Attendees talk care, education

In the shadow of the deaths of 10 children because of asthma, and possibly more, doctors, nurses and educators gathered Thursday to plot a way to get children and parents more education and more access to care.


Augusta allergist Terrence Cook, who serves as the chairman of the Richmond County Board of Health, put the range at seven to 13 child deaths because of asthma in the Augusta area in the past 17 months. The Augusta Chronicle wrote about seven deaths last month and since then, Dr. Cook said he had uncovered three more in the past six months: one each at University and Doctors hospitals and one at Dwight D. Eisenhower Army Medical Center.

"That is a staggering death rate," he said.

The problem is asthma is often not listed as the primary cause on the death certificate, making it almost impossible to catch every death, said East Central Health District Director Ketty Gonzalez. Georgia reported 10 child deaths because of asthma in 2006, and four of those were in Richmond County, she said.

Finding out why and preventing more is what prompted more than 50 people to pack a training room at the health department for a daylong discussion and strategy session.

Part of it could be the Medicaid-managed care system, which does not allow an emergency room doctor, for instance, to make referrals to a specialist who could better manage a child's asthma, Dr. Cook said. Many of those children could probably be better cared for under the Children's Medical Services program, but the providers and the parents don't know to apply for it. Under that program, for instance, the parents could directly access specialists, Dr. Gonzalez said. Children with asthma in that program had much lower rates of emergency room visits and hospitalizations, she said.

The asthma summit split into four working groups to look at education, access to care, better use of case managers and the creation of a health care outreach worker. The idea is based on one that is already finding success in an Atlanta-based asthma program.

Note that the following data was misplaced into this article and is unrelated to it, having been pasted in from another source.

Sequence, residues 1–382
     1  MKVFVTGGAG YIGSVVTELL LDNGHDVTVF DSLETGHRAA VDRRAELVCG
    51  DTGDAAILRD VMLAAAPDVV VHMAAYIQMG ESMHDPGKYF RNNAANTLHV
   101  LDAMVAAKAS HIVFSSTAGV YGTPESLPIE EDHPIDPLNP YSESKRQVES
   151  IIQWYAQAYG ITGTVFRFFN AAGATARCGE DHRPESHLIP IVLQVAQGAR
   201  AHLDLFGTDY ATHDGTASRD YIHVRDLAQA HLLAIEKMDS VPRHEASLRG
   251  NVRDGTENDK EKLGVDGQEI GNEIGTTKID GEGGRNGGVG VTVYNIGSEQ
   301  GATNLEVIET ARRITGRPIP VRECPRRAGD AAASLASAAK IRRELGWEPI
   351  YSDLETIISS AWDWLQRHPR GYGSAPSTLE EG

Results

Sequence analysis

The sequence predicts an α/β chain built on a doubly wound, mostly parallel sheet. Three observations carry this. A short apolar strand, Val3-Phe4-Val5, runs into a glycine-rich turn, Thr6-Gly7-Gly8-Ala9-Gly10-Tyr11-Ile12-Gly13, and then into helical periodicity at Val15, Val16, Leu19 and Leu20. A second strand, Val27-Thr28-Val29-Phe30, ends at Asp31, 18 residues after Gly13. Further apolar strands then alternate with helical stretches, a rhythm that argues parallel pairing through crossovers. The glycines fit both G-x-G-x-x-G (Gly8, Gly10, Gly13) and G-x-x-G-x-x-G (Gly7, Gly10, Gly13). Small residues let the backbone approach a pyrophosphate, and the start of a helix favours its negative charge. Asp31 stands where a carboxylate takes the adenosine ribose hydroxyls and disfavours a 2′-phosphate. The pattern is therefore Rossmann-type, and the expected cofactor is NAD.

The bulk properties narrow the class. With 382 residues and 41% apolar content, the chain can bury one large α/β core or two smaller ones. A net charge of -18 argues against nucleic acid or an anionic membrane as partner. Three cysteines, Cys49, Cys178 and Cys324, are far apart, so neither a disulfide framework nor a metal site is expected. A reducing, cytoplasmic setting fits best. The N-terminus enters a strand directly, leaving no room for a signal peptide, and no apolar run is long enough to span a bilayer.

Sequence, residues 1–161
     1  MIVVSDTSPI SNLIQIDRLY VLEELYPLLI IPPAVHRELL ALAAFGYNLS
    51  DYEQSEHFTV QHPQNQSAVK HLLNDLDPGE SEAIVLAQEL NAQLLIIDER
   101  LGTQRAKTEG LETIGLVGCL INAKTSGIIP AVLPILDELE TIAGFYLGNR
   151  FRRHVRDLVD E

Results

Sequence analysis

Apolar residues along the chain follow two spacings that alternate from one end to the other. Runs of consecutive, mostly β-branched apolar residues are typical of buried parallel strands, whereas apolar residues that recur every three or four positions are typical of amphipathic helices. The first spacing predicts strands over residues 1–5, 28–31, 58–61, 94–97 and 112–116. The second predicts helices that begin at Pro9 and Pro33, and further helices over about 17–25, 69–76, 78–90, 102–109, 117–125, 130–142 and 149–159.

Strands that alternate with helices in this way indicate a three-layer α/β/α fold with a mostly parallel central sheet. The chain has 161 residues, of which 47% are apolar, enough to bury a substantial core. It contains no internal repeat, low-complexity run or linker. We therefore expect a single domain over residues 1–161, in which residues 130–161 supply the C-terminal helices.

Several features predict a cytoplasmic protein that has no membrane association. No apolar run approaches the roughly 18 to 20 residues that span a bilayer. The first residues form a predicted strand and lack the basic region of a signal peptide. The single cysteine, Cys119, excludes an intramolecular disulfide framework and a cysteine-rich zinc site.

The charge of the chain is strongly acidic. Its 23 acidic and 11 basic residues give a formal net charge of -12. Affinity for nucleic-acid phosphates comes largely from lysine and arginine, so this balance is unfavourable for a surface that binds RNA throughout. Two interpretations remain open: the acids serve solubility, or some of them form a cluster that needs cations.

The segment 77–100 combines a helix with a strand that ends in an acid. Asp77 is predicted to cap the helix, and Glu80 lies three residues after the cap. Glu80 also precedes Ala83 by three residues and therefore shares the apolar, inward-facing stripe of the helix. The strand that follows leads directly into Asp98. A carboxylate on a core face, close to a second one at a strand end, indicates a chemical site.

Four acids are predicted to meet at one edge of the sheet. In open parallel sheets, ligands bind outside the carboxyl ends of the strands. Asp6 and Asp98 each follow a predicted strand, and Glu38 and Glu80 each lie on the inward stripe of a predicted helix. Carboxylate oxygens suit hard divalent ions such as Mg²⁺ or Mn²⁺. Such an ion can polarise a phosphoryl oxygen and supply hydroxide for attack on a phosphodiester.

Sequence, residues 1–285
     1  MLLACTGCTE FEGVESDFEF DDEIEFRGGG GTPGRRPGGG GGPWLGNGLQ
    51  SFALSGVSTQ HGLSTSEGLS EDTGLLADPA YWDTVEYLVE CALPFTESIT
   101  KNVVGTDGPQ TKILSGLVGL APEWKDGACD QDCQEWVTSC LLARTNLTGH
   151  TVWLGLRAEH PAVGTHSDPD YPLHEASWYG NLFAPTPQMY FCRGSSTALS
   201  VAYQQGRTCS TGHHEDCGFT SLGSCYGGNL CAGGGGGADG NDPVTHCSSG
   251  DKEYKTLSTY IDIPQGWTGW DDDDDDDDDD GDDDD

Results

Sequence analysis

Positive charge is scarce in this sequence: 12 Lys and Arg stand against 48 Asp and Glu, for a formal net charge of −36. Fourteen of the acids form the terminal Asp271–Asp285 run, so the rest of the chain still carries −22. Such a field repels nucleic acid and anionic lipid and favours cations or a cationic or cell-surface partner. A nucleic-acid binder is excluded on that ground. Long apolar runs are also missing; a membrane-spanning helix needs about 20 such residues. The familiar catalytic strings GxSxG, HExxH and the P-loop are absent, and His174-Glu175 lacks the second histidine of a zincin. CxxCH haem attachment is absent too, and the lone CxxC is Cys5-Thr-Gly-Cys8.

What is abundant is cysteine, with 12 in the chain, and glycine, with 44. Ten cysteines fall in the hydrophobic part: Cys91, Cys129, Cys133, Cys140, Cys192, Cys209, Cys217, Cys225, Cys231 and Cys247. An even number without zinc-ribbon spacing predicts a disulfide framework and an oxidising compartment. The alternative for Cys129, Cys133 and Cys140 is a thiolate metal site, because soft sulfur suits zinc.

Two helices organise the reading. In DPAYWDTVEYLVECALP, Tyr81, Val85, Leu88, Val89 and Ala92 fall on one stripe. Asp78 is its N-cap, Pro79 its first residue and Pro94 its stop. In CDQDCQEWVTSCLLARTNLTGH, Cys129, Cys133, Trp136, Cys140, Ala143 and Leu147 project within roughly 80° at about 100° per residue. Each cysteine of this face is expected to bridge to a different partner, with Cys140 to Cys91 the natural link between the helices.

The health district will hold another asthma summit for parents on May 6 and one for the business community later that month before the asthma working group gets together again in June to look at where the plan stands.

Reach Tom Corwin at (706) 823-3213 or


The East Central Health District will hold an asthma summit for parents and the community on May 6 from 6 p.m. to 9 p.m. at the Richmond County Health Department, 950 Laney-Walker Blvd. For more information, call (706) 729-2055.

The CSRA Asthma Coalition will meet at 8:30 a.m. April 16 at the Richmond County Board of Education, 864 Broad St. For more information, call (706) 721-3554.


Are diesel fumes from idling school buses creating poor air quality at Richmond County schools? That is what a proposed Medical College of Georgia study aims to find out.

MCG researchers would take air samples before and after idling buses sit in front of five schools to see if it is creating poor quality air that could exacerbate breathing problems, said Carol Rountree, director of guidance, testing and research for the school system.

"We know that some of those pollutants are really triggers for children" to have attacks, Dr. Rountree said. The study still has to be approved by the Richmond County Board of Education, she said.

It would be funded by a $6,000 grant from the East Central Health District, said MCG Registered Respiratory Therapist Kitty Hernlen.